Wagon Wheel Ribs


  • 1 set baby back ribs, cut into individual-sized servings of 2 to 4 ribs each
  • a few small potatoes, some cut into large chunks, others left whole
  • 1 large sweet onion, chopped coarse
  • 2 cups black beans, already cooked
  • 4 cloves garlic, chopped coarse
  • mirin (or substitute a little sherry and honey)
  • olive oil
  • Cholula sauce
  • Mongolian fire oil
  • mesquite seasoning (optional)
  • a chili-based dry rub with some heat such as Jamaican jerk rub or any rub featuring powdered chili, oregano, cinnamon and similar seasonings
  • sea salt
  • freshly cracked pepper


  1. Preheat oven to 300 degrees F. (The oven in our camper only goes down to 300 degrees. You can cook these ribs more slowly and at a lower temperature if you prefer.)
  2. Rub plenty of the dry chili-based rub into each set of ribs. Set aside.
  3. Place roughly equal portions of mirin, Cholula sauce and olive oil in a large, oven-safe frying pan (one that has a lid) and mix together over low heat. Stir in a little Mongolia fire oil or similarly spicy oil. Stir in mesquite seasoning, salt and pepper. There should be enough liquid to amply cover the bottom of the pan.
  4. Add the ribs to the pan, turning each piece so that they are coated with liquid. Place meat side down, cover the pan with a lid and place in the oven. Cook for 30 minutes.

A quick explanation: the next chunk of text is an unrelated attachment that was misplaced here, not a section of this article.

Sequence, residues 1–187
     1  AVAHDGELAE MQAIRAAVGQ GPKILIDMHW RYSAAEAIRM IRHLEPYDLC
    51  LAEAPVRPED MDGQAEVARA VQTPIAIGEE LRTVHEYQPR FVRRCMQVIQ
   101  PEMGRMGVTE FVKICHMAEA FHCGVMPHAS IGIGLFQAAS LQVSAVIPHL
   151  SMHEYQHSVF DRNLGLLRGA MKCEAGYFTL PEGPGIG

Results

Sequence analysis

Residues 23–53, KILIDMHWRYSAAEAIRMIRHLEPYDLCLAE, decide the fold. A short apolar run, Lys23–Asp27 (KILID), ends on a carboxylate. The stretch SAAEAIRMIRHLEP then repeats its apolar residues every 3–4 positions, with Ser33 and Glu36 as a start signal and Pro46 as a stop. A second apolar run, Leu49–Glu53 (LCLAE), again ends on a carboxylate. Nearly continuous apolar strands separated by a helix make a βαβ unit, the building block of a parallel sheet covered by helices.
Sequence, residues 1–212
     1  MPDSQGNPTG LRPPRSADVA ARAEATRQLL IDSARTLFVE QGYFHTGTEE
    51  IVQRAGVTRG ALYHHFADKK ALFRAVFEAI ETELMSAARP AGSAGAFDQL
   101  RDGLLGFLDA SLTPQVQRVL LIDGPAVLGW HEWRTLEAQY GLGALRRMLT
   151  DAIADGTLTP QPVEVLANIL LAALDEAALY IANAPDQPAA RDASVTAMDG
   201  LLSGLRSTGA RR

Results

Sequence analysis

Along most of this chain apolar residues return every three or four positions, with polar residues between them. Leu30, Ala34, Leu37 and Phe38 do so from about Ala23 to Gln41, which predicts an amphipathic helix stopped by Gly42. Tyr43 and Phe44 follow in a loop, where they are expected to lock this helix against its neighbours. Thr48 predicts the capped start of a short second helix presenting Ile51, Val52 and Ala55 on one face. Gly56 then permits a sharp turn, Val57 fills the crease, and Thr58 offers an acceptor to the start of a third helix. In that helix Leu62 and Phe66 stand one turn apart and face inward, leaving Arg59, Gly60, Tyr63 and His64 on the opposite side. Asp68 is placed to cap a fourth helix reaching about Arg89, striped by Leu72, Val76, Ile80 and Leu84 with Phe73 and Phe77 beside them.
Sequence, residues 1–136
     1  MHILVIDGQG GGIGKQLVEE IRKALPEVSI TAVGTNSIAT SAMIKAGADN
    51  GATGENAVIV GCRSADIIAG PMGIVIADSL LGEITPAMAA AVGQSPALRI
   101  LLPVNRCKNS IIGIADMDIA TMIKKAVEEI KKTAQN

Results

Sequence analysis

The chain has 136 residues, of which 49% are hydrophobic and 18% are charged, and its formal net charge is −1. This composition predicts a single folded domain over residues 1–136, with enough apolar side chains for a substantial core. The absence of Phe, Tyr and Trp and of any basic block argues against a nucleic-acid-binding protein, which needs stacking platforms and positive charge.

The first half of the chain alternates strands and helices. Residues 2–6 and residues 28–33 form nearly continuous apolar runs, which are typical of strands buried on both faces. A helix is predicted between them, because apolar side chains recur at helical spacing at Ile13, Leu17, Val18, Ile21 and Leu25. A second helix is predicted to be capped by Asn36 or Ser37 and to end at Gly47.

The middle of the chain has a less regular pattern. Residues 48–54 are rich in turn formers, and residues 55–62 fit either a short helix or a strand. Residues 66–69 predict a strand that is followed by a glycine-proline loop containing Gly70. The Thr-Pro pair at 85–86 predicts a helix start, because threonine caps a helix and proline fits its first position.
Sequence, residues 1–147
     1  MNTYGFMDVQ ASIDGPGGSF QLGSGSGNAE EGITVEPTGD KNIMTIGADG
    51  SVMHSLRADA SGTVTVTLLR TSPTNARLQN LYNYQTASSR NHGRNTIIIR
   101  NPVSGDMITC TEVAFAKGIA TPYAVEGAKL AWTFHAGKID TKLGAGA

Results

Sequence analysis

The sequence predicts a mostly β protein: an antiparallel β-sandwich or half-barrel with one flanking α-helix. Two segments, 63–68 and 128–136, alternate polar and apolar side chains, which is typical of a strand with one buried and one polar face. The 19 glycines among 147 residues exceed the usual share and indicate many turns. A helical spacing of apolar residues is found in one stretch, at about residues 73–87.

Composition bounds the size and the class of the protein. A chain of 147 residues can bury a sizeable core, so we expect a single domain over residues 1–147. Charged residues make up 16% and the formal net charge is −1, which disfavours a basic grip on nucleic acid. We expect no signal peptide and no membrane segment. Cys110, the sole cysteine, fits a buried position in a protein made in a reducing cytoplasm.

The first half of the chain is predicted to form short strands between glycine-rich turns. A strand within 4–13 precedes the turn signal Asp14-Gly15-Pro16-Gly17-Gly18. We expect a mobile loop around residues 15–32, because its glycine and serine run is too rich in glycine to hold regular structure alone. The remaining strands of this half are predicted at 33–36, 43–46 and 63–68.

5. Remove the pan from the oven. Turn the ribs over so that they are bone side down. Add garlic, onions, potatoes and beans. Cover the pan and return to the oven. Cook for an additional hour.
  6.  Test the meat and potatoes with a fork for tenderness. Meat should easily come off the bone. (Save the liquid for delicious Cowboy Soup.)

A dry or semi-dry Riesling is an ideal wine to pair with spicy pork ribs.

Braised Elk Roast Camper Style: One Pan Cooking in The Wagon Wheel

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Elk roasts liberally rolled in freshly cracked pepper and slow cooked with sweet onions, baby Yukon Gold potatoes and the chef’s choice of additional vegetables is an appealing meal that can be prepared virtually anywhere. Recipe below.

Over the years we’ve become big fans of Swiss Diamond cookware. Covered eggs cooked over very low heat in their non-stick frying pans are a revelation. Nothing sticks, and as long as the manufacturer’s instructions regarding overly high heat are followed, the surface on this cookware remains in excellent condition through years of regular use.

My favorite Swiss Diamond pan is their big, 12.5  inch frying pan. We call it The Wagon Wheel and it’s perfect for everything from baking a pizza to frying fish to slow cooking a roast in in the oven. The challenge with a pan this large is fitting it into some ovens – such as the one on our Lance truck camper. In fact, even storing a pan of this size in a camper is no mean feat.

So I removed the handle. Permanently. It’s around somewhere, safely tucked away along with the hardware used to attach it. On the camper, we don’t need the handle. Oven mitts suffice.

The elk roasts were a gift from a friend. The recipe is uncomplicated. The finished meal is hearty and has great eye appeal – the perfect meal with a glass of old vine Zinfandel on a rainy evening in Seward, Alaska.